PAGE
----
Knee instability after anterior cruciate ligament reconstruction rarely manifests with activities of daily living, but it may occur in high-level sports performance, resulting in secondary injuries. Faced with these circumstances, sports orthopaedists have continued to improve on the results obtained with surgical techniques for treating knee joint injuries.Hypothesis:
Transverse tibial fixation with bioabsorbable cross pins is a valid technique for anterior cruciate ligament reconstruction with both the patellar tendon (bone-patellar tendon-bone) and semitendinosus and gracilis tendon.Study Design:
Cohort study; Level of evidence, 3.Methods:
The study population was 120 patients operated on by the same surgeon and subdivided into 4 subgroups of 30 subjects each. Patients were chosen and assigned to each group consecutively. Patients in group 1 (bone-patellar tendon-bone) were implanted with bioabsorbable interference screws, group 2 (bone-patellar tendon-bone) received 2 bioabsorbable cross pins, group 3 (semitendinosus and gracilis tendon) received a bioabsorbable interference screw, and group 4 (semitendinosus and gracilis tendon) received 2 bioabsorbable cross pins. Patients were assessed at 5-year follow-up for International Knee Documentation Committee Knee Ligament Standard Evaluation Form, Lysholm Knee Scoring Scale, Lysholm-Tegner Activity Scale, and KT-1000 arthrometer testing.Results:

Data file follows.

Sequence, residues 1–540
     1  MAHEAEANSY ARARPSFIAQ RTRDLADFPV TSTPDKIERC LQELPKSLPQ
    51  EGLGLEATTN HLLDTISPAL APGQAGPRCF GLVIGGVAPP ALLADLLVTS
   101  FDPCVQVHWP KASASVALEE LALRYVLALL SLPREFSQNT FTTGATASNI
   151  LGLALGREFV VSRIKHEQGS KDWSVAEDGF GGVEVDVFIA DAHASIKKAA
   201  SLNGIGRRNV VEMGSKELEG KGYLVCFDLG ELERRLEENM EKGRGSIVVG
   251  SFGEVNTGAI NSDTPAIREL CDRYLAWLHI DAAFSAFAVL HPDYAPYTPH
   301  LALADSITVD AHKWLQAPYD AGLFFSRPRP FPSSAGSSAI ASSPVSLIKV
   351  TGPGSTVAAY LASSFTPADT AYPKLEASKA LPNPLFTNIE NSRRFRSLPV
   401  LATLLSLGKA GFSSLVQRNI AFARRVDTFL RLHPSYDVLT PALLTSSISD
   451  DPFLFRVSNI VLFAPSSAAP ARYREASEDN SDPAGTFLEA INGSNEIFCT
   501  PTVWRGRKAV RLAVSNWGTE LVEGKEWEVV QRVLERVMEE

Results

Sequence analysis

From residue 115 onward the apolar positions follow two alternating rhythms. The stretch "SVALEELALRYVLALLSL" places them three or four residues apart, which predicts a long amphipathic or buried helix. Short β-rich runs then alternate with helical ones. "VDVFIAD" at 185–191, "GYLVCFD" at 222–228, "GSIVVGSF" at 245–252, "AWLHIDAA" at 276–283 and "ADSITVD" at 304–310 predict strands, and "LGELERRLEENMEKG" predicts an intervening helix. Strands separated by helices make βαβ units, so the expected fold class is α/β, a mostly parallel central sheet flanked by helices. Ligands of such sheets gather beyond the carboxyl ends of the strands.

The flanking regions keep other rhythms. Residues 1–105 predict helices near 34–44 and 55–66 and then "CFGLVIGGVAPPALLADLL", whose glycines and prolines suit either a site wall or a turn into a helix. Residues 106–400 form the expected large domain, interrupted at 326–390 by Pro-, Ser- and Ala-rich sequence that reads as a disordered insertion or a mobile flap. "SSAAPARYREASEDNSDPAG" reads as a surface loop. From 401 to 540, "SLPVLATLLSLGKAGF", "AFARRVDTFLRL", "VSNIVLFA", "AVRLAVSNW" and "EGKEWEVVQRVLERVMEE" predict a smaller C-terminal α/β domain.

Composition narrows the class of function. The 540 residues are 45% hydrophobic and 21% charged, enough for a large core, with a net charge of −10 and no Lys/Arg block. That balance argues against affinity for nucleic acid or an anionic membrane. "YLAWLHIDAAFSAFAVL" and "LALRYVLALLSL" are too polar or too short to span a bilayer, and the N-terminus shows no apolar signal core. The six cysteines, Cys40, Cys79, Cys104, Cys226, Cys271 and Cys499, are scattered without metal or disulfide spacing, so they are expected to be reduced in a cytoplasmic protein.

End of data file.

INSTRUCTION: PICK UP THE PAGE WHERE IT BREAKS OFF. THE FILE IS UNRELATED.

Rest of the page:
The results at 5 years after anterior cruciate ligament reconstruction were similar across all 4 groups. No significant differences have been observed between groups.Conclusion:
The results suggest that transverse tibial fixation with bioabsorbable cross pins is a safe and reliable procedure, yielding clinical results that are comparable with those of the more widely used bioabsorbable interference screws.